I think I started making these when Lucy was 4. She likes the number on the front and for it to come with a matching skirt. Some years I've made the skirt, some years just bought something matching (based on my busyness level). Jack likes a J on the front and his number on the back. Most birthday eve nights you'll find me frantically sewing at 11:00 pm.
Sometimes the kids pick out the fabric, sometimes I just use what I have. Asyou can see in Lucy's 4yo picture I started doing regular applique, but then I found out about reverse applique. It is so easy I've used it for just about every applique project since.
Freezer Paper - found at larger grocery stores and big box stores
fabric for applique
plain t shirt
iron and sewing machine
Find a font you like and print out your letters/numbers in the size you want. As you see, I am running out of printer ink at almost all times. Not sure how this is possible. When choosing your fabric, think about how much of it will actually end up showing and don't get something with too large of a print.
Cut out the number/letter (use are going to use it as a trace around pattern) and cut out a chunk of fabric with room to overhang.
Turn the shirt inside out and decide if you are doing the front or back of the shirt. Place the fabric face down on the shirt, centering where you want the number/letter to end up. So at this point, the right side of your fabric should be touching the wrong side of your t shirt.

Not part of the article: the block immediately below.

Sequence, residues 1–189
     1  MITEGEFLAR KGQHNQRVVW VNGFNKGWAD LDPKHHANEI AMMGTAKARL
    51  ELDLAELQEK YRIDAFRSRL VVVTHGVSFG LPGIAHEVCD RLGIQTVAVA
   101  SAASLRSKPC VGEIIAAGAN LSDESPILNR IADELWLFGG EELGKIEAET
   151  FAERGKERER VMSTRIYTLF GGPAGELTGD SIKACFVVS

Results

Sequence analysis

Cut a piece of freezer paper large enough to overlap your fabric piece by about 2 inches around. Place the freezer paper shiny side down onto the fabric. Using a dry and hot iron, iron the freezer paper onto the fabric t-shirt sandwich. Let it cool a bit then take your number/letter pattern and trace it onto the freezer paper, making sure it is where you want it to be on the shirt. **Take note you have to trace it in reverse as you see above.** Check the seal of your freezer paper, it should be pretty well stuck.
Now, time to sew. I usually use a contrasting thread as I like how it shows up on the front. I use a straight stitch set at about a "2" length. Remember to take care so that you don't sew through more than one layer of the t shirt. Sometimes I have to sew in reverse to get to all the spots of the number/letter.
When you've finished sewing, rip away all the paper.
Use pinking shears to trim away the excess fabric. The turn the shirt right side out.
Ooops. Forgot to stitch the middle of the nine the first time around. Better go fix that.
Now it is time to trim out the t shirt fabric. My first inclination is to trim out the middle hole of the 9, but any fabric in the middle of a letter or number needs to stay to make it work. What I want to do is trim out the actual body of the number/letter. Pinch up so you have just the t shirt fabric in your fingers and none of the applique fabric. Start cutting.
As you're trimming, you'll want to leave a little edge of t shirt fabric along the sewing line. After washing a few times this will curl back a bit, but it won't fray. Now just repeat if you want to add something to the other side of the shirt. I've used this method for many shirts besides birthday ones. It is a easy way to add a little fun to plain shirts, especially when you are sick of every kid's shirt in the stores being covered with branding or screen graphics.
Brace yourself for Jack's favorite teenager pose.